I also encourage you to join and/or follow TM Forum Live this week. If you’re headed to the conference, be sure to check out the Ericsson booth and connect with the team to learn more and discuss your digital transformation journey.

If you would like to read more from Ronald van Loon on the possibilities of Big Data and IoT please click 'Follow' and connect on LinkedIn and Twitter.

Source: Enterprise Journey to Becoming Digital | Ronald van Loon | Pulse | LinkedIn

From New Technology to ‘Purposeful Innovation’ – Three Trends That Can Help Businesses Innovate & Grow in 2017

Written by Himanshu Palsule, CTO at Epicor Software.

From New Technology to ‘Purposeful Innovation’ – Three Trends That Can Help Businesses Innovate & Grow in 2017

In the current climate, operational efficiency and business agility are more important than ever to support modern business innovation. As global markets combine with competitive pricing pressures to place greater stress on maintaining margins, organisations must seek the efficiencies needed to protect market share.

Himanshu Palsule, CTO at Epicor Software
Himanshu Palsule, CTO at Epicor Software

At the same time, global economic forces are opening up opportunities in new markets and organisations of all sizes are looking to take advantage of the changing economic tide to grow their business. The pressure is now on the CIO and his/her team to drive change and enable this high-growth mode. The challenge for many companies is matching technology investments with the rapidly changing needs of the business.

A solid technology strategy should place the onus on innovation with a purpose and going in to 2017, I see three technology trends that have the power to transform businesses by providing the tools to innovate. These technologies have the potential to be central to business success over the coming years.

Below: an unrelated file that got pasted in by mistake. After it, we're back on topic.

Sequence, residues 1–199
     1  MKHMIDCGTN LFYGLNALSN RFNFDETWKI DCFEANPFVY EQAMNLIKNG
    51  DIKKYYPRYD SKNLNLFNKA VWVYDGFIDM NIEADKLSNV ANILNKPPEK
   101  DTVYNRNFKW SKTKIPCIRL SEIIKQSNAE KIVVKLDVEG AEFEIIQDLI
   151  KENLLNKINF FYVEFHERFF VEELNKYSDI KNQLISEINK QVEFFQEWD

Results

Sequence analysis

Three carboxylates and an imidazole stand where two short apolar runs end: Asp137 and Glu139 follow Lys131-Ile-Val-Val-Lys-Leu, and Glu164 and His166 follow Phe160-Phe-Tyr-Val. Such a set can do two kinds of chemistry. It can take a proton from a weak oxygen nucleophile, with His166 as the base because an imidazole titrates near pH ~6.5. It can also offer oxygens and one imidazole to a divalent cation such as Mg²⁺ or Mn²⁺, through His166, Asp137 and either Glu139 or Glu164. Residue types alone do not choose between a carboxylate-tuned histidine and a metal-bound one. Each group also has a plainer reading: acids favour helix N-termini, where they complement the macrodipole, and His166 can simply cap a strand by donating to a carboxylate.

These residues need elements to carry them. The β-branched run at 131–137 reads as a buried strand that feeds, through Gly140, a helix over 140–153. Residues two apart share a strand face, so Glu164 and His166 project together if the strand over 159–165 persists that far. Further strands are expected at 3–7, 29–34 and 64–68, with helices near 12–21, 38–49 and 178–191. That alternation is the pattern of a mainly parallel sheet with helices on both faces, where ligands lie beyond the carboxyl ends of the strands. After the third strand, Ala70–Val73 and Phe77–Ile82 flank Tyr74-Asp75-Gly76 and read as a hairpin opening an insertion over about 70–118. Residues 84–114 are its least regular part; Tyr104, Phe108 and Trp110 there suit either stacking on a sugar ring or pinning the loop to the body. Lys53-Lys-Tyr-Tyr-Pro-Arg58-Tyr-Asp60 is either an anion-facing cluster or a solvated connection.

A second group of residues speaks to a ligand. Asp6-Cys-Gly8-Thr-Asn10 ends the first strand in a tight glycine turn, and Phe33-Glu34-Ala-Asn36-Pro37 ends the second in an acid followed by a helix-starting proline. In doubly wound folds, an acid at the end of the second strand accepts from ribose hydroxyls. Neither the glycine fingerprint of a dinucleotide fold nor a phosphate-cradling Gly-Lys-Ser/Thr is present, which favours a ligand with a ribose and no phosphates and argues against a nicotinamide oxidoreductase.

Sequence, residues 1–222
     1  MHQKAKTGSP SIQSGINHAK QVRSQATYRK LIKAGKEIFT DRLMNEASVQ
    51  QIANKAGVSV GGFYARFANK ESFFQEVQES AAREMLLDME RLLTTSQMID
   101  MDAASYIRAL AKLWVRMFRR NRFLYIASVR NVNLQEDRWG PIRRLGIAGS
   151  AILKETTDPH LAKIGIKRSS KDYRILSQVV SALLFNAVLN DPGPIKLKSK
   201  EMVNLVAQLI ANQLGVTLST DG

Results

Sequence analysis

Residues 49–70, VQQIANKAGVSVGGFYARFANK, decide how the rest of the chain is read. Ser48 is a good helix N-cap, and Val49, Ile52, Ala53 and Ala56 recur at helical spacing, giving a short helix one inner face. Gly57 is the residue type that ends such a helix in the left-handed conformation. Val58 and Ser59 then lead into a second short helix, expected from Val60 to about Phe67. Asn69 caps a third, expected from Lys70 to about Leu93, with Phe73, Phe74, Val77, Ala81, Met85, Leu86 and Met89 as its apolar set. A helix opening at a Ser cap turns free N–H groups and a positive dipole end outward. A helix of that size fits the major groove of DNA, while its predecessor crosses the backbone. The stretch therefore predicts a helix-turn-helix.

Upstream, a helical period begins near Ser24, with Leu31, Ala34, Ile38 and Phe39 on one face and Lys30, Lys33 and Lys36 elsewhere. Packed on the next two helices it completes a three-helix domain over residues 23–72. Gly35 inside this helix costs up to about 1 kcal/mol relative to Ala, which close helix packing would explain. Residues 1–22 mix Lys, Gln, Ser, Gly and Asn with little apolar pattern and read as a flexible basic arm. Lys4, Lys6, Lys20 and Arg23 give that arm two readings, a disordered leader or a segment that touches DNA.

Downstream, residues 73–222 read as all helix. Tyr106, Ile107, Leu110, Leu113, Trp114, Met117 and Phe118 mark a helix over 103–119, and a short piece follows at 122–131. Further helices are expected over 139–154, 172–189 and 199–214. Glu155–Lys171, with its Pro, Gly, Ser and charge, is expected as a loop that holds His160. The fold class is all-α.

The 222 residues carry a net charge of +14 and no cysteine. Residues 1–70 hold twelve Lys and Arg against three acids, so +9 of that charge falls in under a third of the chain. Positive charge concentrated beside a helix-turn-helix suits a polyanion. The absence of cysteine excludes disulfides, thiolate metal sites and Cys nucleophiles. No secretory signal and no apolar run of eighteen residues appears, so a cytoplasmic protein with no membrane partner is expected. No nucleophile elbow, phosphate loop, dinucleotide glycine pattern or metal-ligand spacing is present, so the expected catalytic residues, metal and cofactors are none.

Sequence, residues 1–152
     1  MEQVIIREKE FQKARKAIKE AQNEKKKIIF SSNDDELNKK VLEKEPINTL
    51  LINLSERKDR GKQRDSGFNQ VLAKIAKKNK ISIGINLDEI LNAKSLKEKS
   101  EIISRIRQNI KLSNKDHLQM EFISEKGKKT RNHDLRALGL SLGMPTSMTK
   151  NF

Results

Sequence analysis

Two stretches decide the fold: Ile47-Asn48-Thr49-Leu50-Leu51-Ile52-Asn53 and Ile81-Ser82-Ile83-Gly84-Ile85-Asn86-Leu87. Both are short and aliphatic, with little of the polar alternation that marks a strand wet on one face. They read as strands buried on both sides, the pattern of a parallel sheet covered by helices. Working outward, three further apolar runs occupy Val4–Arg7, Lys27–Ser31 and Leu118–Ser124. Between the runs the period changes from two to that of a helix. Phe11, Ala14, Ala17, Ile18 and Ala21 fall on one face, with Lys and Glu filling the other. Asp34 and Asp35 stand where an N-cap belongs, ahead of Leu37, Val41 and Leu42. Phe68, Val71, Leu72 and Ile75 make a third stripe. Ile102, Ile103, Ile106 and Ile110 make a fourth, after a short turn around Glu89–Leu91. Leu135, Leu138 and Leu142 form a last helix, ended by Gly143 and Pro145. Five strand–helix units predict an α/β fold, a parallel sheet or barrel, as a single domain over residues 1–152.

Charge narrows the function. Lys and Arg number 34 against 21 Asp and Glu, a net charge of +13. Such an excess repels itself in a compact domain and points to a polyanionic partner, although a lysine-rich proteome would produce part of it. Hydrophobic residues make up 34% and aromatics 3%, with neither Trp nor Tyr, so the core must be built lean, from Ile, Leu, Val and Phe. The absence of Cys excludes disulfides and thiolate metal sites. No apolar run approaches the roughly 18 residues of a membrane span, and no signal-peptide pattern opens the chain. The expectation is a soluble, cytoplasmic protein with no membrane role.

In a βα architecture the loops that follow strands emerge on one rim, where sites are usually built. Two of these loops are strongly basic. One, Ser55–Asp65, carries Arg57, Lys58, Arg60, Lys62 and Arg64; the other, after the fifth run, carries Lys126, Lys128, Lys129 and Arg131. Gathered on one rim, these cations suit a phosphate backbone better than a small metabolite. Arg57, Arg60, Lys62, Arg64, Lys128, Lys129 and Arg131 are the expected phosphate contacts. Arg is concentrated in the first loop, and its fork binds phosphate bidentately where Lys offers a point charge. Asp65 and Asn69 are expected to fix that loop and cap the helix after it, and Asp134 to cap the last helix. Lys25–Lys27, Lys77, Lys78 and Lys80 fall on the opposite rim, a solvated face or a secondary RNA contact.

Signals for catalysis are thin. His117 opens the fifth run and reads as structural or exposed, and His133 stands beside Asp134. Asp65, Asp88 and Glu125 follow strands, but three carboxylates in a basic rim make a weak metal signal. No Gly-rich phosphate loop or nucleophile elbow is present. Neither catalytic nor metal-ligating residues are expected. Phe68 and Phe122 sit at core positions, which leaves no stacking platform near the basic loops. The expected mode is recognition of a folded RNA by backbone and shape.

1. Enabling cloud-driven change

For some organisations, adopting cloud computing services can be a simple, tactical exercise to meet some immediate infrastructure needs. But for those looking to drive real technology transformation, it can be the catalyst to embracing an entirely new strategy for IT.

Up until recently cloud computing has, for the most part, been used to speed up existing individual processes while reducing costs. It is only now, as the cloud journey grows more mature, that we can begin to see its full potential to transform business models and working practices.

The cloud opens up exciting new possibilities for CIOs, COOs and CFOs to think differently about their IT infrastructure. Adoption of cloud-based enterprise resource planning (ERP) systems, for example, is on the rise because sharing data quickly and efficiently can dramatically reduce costs and increase the speed of production.

There’s also a growing acceptance that cloud adoption is not just for start-up companies. Large enterprises are transitioning their entire infrastructure and data ecosystems into the cloud because these systems have the advantage of taking the burden of upgrades and management, freeing up valuable resources to focus on innovation and business growth.

  1. Extracting value from big data and IoT

According to a recent report by Machina Research, the total number of IoT connections are estimated to grow 16% annually over the next 10-year period from 6 billion in 2015 to 27 billion in 2025. Total IoT revenue opportunity is projected to grow to $3 trillion in 2025, up from $750 billion in 2015.

If you talk to customers in the manufacturing and retail sectors for example, they’ll say they’ve been collecting and tracking data on machines, production, and inventory for years. In retail, for example, smart supply chains enable applications for tracking goods and real time information exchange about inventory among suppliers and retailers.

The next step for us, and our customers, is to take the data that is available and analyse it in context, to make better and more efficient business decisions. However, the challenge for ERP systems has been around how to transform the onslaught of unstructured data into practical information.

As technology develops we can expect to see more integration between ERP, big data and predictive analytics because data is the business resource of the future—both in terms of optimising processes and services, and as a basis for innovative business models.

  1. Mobility drives greater visibility

Mobile and social technologies are enabling new business models and processes but it’s important to remember that mobility can mean many different things to different organisations. For one company, it might be the ability to set up a remote warehouse. For another, it might be the ability to interact and collaborate on social platforms across borders and time zones.